On August 18, 2016, Relator accepted the proposed monetary settlement on the condition that a written settlement agreement be executed in the Antitrust Action by September 16, 2016 (“September 16 Deadline”) (“Settlement Condition”). (Doc. 129-4.) The addition of the Settlement Condition to Judge Feess's proposal constituted a counter offer (id.), which the Health First Defendants accepted the following day. (Doc. 129-5.) Ultimately, the agreement was memorialized in an e-mail communication dated August 19, 2016 (“August 19 Agreement”). (Id.) That same day, consistent with his obligations under the Local Rules, Counsel provided the Notice of Settlement to the Court. (Doc. 120.)

         In the weeks that followed, the parties exchanged modified versions of the August 19 Agreement-none of which were ever agreed to. Nonetheless, at least as late as September 8, 2016, Counsel explicitly stated that Relator had no intention of reneging on the August 19 Agreement and expressed the belief that the parties were working cooperatively toward the consummation of a written term sheet. (Doc. 129-9.)

         On September 15, 2016, for the first time, the issue of the seemingly arbitrary September 16 Deadline was raised by counsel for the Defendants, who expressed concern that it would not be met in light of the continued editing of the antitrust agreement and defense counsel's trial schedules. (Doc. 129-10.) Hence a proposed extension of October 14, 2016, was requested. (Id.) In response, the United States, as the real party in interest, [5] acquiesced to the extension so long as the parties continued to work out the details of the FCA settlement. (Doc. 129-12.) Relator did not respond to the requested extension but continued to negotiate the terms, conditions, and language of the FCA settlement. (See Doc. 129-13.) Presumably, the United States continued to evaluate the “working qui tam settlement draft, ” upon which they expected to circulate comments in “the next few days” following September 15, 2016. (Doc. 129-12.)

         On September 22, 2016, nearly a week beyond the September 16 Deadline, Counsel acknowledged that negotiations were continuing in the Antitrust Action and that “the outcome of that mediation (or arbitration) [would] likely resolve most if not all of [Relator's] objections to the FCA settlement agreement.” (Doc. 129-14 (“September 22 E-mail”).) Counsel went onto state that “the FCA agreement [would] not likely advance much until the [antitrust] agreement [was] resolved” and, “[c]onversely, once the [antitrust] agreement [was] resolved, the FCA agreement [would] likely move very rapidly.” (Id.)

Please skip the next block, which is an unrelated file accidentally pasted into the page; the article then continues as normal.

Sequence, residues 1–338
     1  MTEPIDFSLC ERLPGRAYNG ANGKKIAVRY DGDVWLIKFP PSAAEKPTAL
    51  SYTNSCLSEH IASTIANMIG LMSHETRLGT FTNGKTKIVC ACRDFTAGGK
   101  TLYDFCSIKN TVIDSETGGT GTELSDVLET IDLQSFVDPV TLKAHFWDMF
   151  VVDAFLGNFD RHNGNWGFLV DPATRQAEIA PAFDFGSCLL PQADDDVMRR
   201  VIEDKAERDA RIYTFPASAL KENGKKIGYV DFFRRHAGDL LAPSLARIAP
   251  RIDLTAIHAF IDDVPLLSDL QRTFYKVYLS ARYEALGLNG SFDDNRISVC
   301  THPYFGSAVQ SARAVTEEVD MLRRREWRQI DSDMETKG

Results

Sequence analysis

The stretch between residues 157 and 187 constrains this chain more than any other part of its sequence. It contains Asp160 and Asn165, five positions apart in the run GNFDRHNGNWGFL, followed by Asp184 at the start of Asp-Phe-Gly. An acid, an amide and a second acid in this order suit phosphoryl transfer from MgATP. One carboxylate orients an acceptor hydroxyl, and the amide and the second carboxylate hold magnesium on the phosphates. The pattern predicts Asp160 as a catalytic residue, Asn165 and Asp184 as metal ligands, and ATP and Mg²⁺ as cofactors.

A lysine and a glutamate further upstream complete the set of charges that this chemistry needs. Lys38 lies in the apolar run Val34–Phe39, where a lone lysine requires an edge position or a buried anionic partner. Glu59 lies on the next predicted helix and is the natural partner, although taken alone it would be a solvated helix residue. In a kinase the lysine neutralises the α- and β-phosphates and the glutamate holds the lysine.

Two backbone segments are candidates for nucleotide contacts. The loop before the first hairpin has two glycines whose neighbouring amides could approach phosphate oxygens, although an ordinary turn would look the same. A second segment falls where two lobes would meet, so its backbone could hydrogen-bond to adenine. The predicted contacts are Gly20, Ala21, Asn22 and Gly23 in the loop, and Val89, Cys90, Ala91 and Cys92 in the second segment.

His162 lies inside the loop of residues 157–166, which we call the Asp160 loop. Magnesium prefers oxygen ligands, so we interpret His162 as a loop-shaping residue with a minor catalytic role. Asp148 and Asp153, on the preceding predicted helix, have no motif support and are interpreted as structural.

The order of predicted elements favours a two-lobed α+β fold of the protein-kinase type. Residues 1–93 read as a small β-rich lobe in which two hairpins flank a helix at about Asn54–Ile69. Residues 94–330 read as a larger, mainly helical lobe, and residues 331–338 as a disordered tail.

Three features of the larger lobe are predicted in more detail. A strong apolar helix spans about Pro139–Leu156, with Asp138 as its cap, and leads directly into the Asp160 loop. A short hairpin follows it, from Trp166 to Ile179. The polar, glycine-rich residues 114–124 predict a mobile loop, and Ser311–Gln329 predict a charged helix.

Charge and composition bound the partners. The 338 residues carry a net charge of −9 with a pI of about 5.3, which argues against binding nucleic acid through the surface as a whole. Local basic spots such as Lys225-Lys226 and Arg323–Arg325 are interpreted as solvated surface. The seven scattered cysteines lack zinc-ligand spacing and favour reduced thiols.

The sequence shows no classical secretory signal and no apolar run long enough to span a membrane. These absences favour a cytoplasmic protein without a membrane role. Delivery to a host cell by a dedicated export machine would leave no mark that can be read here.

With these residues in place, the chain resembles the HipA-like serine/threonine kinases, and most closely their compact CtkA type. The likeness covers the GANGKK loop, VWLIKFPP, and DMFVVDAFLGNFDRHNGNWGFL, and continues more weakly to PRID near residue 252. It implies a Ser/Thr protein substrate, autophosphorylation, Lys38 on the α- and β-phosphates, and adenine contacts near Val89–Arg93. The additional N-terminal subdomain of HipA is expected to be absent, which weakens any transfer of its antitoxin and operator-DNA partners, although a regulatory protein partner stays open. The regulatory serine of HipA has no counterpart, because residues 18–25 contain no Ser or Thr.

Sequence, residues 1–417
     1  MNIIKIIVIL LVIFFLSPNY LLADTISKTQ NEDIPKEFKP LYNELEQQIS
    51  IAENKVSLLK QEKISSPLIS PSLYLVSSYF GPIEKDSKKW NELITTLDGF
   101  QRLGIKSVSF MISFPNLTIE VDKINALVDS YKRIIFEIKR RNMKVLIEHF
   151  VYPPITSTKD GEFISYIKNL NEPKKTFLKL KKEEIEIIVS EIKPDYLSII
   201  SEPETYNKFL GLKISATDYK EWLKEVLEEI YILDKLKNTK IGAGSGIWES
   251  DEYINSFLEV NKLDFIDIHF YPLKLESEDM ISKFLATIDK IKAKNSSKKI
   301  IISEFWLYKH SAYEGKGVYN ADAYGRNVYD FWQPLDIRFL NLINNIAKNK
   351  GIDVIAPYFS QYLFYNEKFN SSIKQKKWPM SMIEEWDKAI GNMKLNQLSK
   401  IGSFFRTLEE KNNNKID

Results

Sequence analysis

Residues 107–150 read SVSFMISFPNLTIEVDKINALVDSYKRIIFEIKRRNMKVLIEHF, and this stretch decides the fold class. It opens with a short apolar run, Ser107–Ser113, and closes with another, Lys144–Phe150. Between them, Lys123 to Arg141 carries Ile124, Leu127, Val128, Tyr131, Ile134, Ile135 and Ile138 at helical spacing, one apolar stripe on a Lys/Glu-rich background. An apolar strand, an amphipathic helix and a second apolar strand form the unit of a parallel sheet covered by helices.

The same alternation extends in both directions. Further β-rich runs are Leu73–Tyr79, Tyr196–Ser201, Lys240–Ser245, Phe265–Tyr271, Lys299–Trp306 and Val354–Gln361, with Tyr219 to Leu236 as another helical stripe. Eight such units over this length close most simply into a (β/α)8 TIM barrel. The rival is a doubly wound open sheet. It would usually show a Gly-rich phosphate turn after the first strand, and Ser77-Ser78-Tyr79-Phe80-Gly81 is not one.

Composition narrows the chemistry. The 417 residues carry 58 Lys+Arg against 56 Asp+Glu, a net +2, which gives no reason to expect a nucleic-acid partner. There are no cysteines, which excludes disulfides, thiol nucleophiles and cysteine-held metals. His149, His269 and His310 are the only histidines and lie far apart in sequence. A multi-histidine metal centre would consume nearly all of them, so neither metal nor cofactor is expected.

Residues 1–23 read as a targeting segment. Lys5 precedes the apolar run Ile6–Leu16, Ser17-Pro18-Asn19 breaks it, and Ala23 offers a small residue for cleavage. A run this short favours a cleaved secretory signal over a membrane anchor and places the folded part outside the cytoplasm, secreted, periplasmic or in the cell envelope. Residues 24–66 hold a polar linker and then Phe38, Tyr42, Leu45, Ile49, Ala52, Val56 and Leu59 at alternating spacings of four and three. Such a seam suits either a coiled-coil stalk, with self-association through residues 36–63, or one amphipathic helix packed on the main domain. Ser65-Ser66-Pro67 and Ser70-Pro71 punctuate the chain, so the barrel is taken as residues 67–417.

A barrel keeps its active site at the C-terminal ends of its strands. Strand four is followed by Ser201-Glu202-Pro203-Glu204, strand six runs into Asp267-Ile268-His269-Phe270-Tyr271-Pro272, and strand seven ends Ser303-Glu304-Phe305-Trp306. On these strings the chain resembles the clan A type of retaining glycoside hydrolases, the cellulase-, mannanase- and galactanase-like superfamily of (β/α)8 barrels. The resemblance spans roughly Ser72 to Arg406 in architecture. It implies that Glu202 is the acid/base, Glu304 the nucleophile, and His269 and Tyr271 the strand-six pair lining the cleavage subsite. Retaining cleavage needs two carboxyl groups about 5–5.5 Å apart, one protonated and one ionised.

Later, in an e-mail dated October 13, 2016, Counsel returned the participants to the language of the September 22 E-mail and suggested that a phone conversation might be more productive than an exchange of red-line documents to reach agreement on the non-monetary issues that remained in dispute. (Doc. 129-15.) At this time, Counsel noted that the FCA settlement was conditioned on the finalization of the antitrust settlement; however, no mention of the now long-elapsed September 16 Deadline was made. (Id.)

         After a series of what Judge Feess previously described as “micro-moves” (see Doc. 129-3, p. 2), the parties' attempts to resolve the non-monetary aspects of the FCA settlement broke down. On November 17, 2017, Counsel, for the first time, asserted that, despite prior assurances to the contrary, Relator was repudiating the settlement terms reached in the August 19 Agreement due to the failure to consummate the antitrust settlement by the September 16 Deadline. (Doc. 129-16, p. 5.) Upon receipt of this communiqué, the Health First Defendants attempted to invoke the ADR Provision. (Id. at 4-5.) But relying on the asserted materiality of the September 16 Deadline, Relator refused to comply-effectively lodging the case in a mud bog from which the Health First Defendants now appeal to the Court for extrication. (See Id. at 2-4.)

         C. Instant Motion